Ariana Grande claims that Forever 21 is benefiting from her popularity and fame by using a “lookalike” model for its advertisements to promote its products. The singer alleges that the retailer hired a model who bore an “uncanny” resemblance to her after she declined to enter into partnership and endorse the brand when they approached her last November. Furthermore, the lawsuit states that Forever 21 used Ariana Grande’s lyrics in their campaign.
The lawsuit highlights important issues in relation to ‘Passing Off’ and intellectual property rights. Passing Off can occur when a company deliberately or unintentionally misleads its customers into believing that their products or services are those of another company or individual so as to deceive the customer and benefit from the reputation of the other company or individual. The law in relation to Passing Off in the UK is governed by case law. The case of Reckitt & Colman Products Limited v Borden Inc.  1 All E.R. 873 (also known as the Jif Lemon case) states that there are three elements that need to be satisfied in order to succeed in a claim:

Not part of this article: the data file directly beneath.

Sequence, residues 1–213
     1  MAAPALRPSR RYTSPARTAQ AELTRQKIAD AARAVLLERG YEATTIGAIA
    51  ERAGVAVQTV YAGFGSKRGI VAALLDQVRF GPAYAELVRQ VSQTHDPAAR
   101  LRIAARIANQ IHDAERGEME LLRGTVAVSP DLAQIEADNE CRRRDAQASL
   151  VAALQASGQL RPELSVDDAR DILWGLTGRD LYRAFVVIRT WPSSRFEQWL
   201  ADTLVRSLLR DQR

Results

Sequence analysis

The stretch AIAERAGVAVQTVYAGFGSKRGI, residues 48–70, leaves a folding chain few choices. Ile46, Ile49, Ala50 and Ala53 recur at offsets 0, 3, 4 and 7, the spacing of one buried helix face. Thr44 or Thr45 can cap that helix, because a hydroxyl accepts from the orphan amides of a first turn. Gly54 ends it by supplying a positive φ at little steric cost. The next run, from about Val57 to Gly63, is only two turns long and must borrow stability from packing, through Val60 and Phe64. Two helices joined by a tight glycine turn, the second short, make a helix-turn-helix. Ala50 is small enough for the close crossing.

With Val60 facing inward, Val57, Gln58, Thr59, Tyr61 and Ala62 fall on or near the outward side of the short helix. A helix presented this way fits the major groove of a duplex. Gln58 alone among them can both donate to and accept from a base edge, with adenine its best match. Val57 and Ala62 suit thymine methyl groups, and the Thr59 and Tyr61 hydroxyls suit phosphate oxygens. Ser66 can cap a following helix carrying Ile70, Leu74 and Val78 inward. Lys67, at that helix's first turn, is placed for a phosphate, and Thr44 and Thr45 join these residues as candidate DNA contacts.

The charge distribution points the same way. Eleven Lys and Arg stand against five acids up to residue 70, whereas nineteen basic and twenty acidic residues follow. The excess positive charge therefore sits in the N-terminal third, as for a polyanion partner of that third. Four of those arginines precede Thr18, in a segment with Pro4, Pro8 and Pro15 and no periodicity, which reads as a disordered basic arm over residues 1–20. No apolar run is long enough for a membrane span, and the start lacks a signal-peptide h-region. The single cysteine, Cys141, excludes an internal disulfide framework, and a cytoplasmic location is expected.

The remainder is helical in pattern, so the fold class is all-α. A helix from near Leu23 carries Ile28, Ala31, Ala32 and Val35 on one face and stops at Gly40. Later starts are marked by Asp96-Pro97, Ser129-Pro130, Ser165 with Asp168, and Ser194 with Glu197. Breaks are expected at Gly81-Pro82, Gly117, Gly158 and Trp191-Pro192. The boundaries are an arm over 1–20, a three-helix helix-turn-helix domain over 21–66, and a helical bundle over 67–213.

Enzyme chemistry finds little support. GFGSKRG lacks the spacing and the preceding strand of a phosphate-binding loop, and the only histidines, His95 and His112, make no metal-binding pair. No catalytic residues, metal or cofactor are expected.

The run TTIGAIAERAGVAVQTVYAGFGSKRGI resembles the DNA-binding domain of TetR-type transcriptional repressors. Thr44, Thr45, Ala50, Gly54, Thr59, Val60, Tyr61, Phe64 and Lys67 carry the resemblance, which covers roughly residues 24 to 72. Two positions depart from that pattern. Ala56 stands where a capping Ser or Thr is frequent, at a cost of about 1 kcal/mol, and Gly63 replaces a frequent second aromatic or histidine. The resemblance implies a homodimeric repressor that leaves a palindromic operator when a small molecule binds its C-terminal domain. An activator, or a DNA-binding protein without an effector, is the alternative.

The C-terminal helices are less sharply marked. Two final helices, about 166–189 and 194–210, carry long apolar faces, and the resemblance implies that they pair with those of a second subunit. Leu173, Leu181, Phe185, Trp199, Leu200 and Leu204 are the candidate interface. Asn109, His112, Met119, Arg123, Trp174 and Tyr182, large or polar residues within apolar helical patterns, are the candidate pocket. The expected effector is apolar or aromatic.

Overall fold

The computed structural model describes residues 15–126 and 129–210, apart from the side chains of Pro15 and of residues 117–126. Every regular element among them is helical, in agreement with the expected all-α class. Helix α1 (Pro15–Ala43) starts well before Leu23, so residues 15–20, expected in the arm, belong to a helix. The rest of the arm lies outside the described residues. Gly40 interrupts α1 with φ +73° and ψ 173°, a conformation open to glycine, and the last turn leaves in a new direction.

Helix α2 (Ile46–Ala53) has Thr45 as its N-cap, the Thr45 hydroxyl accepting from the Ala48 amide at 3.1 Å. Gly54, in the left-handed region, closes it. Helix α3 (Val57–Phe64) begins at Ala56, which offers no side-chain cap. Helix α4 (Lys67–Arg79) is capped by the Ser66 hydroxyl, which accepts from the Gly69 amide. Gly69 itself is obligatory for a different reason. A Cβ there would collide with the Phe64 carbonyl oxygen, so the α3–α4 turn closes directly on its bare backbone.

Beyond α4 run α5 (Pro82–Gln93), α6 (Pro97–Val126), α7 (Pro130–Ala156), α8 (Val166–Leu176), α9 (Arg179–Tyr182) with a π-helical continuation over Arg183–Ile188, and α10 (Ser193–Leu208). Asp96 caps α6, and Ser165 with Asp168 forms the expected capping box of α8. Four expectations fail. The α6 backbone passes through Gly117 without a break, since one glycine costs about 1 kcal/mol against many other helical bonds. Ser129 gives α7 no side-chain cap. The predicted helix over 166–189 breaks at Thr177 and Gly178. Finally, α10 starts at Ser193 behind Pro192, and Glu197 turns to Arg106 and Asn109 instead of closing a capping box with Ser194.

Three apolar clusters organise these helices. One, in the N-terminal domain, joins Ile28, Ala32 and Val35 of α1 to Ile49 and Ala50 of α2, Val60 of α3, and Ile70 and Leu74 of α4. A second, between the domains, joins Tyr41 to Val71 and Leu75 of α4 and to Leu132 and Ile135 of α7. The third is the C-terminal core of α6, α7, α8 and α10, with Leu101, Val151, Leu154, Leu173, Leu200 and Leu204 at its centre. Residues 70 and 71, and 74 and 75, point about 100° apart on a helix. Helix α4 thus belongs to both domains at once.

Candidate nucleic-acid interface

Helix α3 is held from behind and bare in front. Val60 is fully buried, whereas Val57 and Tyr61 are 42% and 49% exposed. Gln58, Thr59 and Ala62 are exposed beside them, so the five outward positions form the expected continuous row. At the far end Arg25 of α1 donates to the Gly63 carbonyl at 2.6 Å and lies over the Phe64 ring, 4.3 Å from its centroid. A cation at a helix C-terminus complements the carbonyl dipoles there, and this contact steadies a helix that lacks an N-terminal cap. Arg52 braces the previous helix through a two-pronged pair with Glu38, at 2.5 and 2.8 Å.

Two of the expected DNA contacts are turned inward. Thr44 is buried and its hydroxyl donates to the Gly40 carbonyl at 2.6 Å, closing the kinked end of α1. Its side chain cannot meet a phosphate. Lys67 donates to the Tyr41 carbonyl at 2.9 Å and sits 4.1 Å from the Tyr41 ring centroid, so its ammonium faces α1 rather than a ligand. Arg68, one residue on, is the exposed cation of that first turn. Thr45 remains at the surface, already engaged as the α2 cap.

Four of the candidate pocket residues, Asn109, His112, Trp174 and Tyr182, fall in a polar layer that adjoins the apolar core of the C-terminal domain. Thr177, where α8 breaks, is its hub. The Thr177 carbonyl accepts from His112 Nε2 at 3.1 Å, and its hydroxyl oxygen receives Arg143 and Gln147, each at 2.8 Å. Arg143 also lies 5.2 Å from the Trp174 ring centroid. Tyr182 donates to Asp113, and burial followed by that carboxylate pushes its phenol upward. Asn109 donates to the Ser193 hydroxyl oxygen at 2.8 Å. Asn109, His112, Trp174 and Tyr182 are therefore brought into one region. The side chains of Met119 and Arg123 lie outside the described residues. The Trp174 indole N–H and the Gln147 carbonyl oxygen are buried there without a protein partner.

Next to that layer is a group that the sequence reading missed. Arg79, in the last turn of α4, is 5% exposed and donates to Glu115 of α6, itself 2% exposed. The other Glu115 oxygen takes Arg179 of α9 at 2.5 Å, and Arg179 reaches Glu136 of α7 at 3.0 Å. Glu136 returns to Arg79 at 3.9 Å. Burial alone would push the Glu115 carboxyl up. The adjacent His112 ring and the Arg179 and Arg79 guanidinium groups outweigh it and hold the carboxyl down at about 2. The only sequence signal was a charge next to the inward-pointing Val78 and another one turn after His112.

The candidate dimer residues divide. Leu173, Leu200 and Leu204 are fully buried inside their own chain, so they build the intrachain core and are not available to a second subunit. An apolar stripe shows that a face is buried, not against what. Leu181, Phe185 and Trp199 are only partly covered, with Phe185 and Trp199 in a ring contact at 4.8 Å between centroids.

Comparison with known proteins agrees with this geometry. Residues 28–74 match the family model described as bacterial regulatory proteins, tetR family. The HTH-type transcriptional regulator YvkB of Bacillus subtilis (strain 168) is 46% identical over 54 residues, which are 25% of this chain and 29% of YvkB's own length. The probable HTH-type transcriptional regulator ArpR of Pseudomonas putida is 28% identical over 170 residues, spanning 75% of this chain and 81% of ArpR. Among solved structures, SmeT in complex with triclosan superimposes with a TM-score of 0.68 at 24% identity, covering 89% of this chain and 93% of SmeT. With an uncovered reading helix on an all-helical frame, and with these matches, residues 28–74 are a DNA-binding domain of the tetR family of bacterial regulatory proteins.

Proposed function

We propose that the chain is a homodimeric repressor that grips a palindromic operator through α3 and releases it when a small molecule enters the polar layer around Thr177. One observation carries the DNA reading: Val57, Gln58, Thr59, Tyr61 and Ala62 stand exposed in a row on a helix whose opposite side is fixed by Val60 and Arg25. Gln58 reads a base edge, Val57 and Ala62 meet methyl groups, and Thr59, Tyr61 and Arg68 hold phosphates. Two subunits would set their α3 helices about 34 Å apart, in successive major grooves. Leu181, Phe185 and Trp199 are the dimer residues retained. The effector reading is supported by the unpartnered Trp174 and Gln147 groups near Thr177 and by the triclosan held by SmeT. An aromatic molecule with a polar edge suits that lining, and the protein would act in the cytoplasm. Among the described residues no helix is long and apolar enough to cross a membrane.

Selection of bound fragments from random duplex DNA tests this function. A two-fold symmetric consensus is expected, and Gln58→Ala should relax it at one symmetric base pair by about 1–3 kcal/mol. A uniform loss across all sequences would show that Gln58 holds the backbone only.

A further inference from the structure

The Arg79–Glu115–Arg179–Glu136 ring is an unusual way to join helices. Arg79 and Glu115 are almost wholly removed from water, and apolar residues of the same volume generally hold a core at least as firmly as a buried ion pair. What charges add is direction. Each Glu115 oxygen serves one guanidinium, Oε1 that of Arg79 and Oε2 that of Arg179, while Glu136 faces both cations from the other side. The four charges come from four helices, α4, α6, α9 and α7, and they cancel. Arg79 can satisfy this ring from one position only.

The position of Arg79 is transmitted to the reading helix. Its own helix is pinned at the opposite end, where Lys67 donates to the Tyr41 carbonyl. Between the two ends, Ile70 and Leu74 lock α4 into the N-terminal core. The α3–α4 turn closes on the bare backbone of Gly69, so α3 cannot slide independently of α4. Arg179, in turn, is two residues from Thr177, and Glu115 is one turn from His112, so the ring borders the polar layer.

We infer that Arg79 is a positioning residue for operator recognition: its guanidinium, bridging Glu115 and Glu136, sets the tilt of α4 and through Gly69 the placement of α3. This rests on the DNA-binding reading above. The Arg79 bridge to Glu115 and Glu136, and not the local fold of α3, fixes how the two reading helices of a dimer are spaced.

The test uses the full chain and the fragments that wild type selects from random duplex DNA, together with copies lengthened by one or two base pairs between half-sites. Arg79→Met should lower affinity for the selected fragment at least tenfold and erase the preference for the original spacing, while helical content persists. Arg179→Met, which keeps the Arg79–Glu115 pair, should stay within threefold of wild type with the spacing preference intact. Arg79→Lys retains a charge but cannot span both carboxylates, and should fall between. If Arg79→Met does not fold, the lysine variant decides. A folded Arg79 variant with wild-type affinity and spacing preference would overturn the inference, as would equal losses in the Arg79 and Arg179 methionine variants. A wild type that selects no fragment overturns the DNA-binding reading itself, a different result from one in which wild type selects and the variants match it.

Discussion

- One party must have an established goodwill or reputation in its name, goods, services, mark or logo which distinguishes them to the public and they claim the other party is passing off as their own; and
- There is misrepresentation. The public has been misled; and
- Damage has been or is likely to be caused.
It is important to protect your business and to prevent others from benefiting from your reputation and image. If you require legal assistance in relation to Passing Off, or have reason to believe that someone is Passing Off your goods or services as their own, then please do not hesitate to contact our Business Services Department who will be happy to assist.